The screening takes place on Wednesday 29th March 2017 at Texture, 67 Lever Street, Northern Quarter, M1 1FL.


In addition, Lift-Off currently has festivals in Manchester, New York, Vancouver, Los Angeles, Paris, Amsterdam, Seoul, Sydney, Tokyo, Los Angeles and London.


Ben Polhman Co-Director and Co-Founder of Lift-Off says…


"This years competition was extremely tough. It is clear to see that indie filmmaking in Manchester and the surrounding areas are quickly becoming some of the best in the world. Getting into this programme whether you are a local filmmaker or a filmmaker from elsewhere is a really great achievement. These artists are well on their way to becoming industry players!"


Midlands Movies wishes Rajnish all the best as he expands his screenings beyond the region and readers can find out more information about the film on Facebook here:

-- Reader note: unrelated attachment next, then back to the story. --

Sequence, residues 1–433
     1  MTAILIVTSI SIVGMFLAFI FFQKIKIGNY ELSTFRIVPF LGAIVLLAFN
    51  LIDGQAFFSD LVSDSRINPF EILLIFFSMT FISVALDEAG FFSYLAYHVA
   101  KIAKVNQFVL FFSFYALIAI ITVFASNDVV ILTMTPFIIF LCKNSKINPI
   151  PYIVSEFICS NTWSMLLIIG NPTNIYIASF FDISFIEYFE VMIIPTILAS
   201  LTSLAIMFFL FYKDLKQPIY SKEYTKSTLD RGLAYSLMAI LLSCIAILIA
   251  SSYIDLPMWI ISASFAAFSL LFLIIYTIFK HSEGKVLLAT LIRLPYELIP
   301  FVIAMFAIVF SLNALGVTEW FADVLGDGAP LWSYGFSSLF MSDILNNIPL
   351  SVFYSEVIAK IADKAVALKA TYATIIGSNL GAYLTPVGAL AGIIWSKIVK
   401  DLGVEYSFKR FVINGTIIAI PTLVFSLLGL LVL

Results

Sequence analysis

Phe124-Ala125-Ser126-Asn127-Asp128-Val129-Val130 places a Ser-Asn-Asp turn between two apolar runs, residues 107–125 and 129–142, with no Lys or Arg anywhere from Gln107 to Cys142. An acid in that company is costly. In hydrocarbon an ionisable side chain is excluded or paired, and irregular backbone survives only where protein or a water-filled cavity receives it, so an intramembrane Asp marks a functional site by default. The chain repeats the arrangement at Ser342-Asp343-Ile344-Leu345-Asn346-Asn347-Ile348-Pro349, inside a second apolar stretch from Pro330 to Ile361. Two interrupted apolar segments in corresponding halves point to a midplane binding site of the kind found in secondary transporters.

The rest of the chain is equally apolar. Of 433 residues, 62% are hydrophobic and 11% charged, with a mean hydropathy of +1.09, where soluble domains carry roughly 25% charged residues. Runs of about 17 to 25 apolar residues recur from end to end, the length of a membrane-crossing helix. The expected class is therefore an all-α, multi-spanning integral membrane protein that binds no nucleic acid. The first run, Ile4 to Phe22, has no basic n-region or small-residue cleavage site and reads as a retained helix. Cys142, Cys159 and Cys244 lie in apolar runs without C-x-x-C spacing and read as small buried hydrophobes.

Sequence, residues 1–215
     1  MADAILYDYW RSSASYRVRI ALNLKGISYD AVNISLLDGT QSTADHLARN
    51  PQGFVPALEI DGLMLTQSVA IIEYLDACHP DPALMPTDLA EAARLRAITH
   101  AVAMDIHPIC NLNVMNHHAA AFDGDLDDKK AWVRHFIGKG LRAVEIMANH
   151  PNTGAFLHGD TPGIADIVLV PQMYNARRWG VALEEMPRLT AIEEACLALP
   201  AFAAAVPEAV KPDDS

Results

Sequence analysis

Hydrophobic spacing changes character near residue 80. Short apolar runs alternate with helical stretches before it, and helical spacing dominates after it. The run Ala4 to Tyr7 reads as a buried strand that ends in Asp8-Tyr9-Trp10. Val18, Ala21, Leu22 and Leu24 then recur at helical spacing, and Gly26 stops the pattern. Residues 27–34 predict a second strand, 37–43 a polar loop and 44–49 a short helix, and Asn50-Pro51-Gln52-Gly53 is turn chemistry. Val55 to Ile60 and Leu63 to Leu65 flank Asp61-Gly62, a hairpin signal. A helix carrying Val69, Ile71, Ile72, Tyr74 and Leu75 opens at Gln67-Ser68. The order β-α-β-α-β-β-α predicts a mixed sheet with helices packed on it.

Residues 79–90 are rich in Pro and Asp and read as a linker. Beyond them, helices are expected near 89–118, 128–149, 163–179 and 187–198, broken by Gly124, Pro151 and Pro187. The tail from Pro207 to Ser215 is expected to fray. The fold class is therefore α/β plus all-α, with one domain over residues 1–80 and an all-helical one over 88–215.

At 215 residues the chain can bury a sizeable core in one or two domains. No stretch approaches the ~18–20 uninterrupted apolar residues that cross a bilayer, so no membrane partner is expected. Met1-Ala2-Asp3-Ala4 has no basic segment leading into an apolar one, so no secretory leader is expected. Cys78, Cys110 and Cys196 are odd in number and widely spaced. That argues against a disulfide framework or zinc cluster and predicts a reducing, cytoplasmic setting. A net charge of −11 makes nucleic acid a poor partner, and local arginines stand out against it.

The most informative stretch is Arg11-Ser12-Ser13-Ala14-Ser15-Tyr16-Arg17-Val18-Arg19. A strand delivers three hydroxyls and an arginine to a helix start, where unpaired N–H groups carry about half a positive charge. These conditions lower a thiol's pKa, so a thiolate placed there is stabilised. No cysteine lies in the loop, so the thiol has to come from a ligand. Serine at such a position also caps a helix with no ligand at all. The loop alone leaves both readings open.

https://www.facebook.com/AscensionShortOfficial/

By midlandsmovies, Jan 15 2017 09:30AM

Midlands Spotlight - The Collector


Coming up later in the year is The Collector, a new indie horror film from Stuart Wheeldon which combines dread and survival in brand new project from two established Midlands filmmakers.


With In Limbo and The Telephone already released, The Collector is the new film that has emerged from the mind of the award-winning production company NineLadiesFilm and AnonMotionPictures.